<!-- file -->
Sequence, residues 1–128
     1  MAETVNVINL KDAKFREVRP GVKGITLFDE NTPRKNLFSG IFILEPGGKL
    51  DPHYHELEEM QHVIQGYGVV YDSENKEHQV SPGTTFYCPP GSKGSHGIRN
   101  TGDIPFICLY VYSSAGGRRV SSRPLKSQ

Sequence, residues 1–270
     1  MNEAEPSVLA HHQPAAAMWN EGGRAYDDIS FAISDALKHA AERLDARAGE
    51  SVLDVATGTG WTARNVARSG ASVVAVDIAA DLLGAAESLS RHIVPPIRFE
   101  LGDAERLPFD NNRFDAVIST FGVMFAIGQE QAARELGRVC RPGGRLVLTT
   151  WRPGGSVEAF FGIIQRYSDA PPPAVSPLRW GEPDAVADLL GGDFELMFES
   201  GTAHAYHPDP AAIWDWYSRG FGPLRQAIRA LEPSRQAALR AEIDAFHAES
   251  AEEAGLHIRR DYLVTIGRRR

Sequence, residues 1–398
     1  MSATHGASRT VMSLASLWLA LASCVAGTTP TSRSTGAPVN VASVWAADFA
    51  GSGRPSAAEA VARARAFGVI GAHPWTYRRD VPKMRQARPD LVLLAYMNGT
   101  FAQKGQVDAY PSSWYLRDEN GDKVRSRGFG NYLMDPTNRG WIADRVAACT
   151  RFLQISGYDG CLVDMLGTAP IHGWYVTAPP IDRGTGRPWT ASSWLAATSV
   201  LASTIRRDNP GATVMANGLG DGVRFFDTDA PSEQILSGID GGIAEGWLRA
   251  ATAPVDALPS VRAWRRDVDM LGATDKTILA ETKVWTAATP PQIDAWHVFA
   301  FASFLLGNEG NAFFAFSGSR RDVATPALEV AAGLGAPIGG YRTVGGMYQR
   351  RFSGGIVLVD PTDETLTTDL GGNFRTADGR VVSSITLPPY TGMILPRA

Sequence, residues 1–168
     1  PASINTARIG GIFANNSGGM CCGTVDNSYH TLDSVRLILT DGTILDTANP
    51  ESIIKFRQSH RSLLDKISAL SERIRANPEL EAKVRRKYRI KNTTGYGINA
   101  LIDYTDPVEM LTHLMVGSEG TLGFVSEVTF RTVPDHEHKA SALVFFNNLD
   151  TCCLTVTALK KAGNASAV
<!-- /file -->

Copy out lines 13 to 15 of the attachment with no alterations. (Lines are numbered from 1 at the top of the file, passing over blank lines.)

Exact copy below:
     1  MSATHGASRT VMSLASLWLA LASCVAGTTP TSRSTGAPVN VASVWAADFA
    51  GSGRPSAAEA VARARAFGVI GAHPWTYRRD VPKMRQARPD LVLLAYMNGT
   101  FAQKGQVDAY PSSWYLRDEN GDKVRSRGFG NYLMDPTNRG WIADRVAACT